Source: http://science.nbcnews.com, May 16, 2013
By: John Roach
The current boom in U.S. natural gas production from glassy shale rock formations is poised to usher in an era of energy independence and could bridge the gap between today’s fossil-fuel age and a clean-energy future. But that future may be swamped in a legacy of wastewater, a new study suggests.
Natural gas production is soaring thanks to hydraulic fracturing, or fracking, a technique that shoots several million gallons of water laced with chemicals and sand deep underground to break apart chunks of the glassy rock, freeing trapped gas to escape through cracks and fissures into wells.
An average of 10 percent of this water flows back to the surface within a few weeks of the frack job. The rest is absorbed by the surrounding rock and mixes with briny groundwater, explained Radisav Vidic, a civil and environmental engineer at the University of Pittsburgh.
“What happens to that water is a very good question,” he told NBC News. “We would like to know how much of it stays in the shale, and for how long, and is there a potential for migration away from the well.”
Vidic led a review study of the scientific literature looking into these questions, which is published in Thursday’s issue of the journal Science.…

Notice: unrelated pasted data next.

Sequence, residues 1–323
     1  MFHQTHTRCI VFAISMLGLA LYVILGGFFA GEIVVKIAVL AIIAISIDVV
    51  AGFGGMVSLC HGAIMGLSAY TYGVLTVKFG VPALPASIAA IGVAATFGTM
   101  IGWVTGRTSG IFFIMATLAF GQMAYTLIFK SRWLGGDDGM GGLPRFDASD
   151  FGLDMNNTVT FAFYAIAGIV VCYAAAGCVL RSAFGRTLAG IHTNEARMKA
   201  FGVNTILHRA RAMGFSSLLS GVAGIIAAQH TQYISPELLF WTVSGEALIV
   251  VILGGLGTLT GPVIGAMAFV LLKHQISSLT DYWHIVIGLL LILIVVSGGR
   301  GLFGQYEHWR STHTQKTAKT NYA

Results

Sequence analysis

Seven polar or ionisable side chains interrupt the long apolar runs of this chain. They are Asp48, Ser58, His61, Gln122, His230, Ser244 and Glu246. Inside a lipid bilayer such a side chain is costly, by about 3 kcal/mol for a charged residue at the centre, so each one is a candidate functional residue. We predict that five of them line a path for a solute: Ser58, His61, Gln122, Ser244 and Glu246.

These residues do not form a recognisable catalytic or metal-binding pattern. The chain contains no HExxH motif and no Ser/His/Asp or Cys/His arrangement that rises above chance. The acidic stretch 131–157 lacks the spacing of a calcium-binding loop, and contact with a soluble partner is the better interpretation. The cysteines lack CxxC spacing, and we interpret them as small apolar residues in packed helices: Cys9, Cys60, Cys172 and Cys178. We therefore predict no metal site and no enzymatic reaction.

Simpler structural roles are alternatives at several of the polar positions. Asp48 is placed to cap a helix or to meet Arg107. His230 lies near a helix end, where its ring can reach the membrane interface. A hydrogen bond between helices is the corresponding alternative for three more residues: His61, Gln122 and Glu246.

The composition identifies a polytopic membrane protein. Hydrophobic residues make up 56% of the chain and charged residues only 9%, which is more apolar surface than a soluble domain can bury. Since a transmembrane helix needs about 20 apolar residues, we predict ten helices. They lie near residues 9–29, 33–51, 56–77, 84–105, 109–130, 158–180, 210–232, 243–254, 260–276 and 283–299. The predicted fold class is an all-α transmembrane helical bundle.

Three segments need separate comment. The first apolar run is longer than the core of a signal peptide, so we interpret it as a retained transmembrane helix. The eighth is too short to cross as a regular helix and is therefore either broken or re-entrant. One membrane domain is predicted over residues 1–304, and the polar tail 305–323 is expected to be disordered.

Source: http://standardspeaker.com, March 24,2011
By: Kent Jackson
A machine still filters groundwater where gasoline seeped into a Hazleton neighborhood nearly two decades ago, triggering a $25 million cleanup and lawsuits that ended this week.
By Wednesday, most of the 258 families hadn’t heard the terms of the settlements reached two days before in their suits against ExxonMobil.
One who had, Matilda Degilio, said she expected to receive $1,500, of which $500 would go to the Locks Law Firm that represented the families.
“It’s a big company, that Exxon. We’re only going to get $1,000, and that’s not fair,” said Degilio, who spoke with one of her attorneys on Tuesday.
Locks Law Firm said it would release a statement about the case Wednesday, but had not done so as of Wednesday afternoon.…
Source: Pittsburgh Tribune-Review, February 17, 2011
By: Chris Ramirez
Two architecture firms must pay $5.9 million to the University of Pittsburgh for problems stemming from bad heating and air conditioning work in the Petersen Events Center, an Allegheny County judge ruled.
Common Pleas Judge Joseph M. James ruled last month after a nonjury trial that Apostolou Associates/Rosser International Inc. breached its contract with the school and failed to perform its work “with due care and in a manner that met the applicable standard of care” during the arena’s construction, court documents say.
Apostolou Associates/Rosser International is the name of a joint venture of Apostolou Associates, in Mt. Washington, and Atlanta-based Rosser International Inc. They worked together to install the on-campus arena’s heating, ventilating and air conditioning system, and are asking for a new trial.…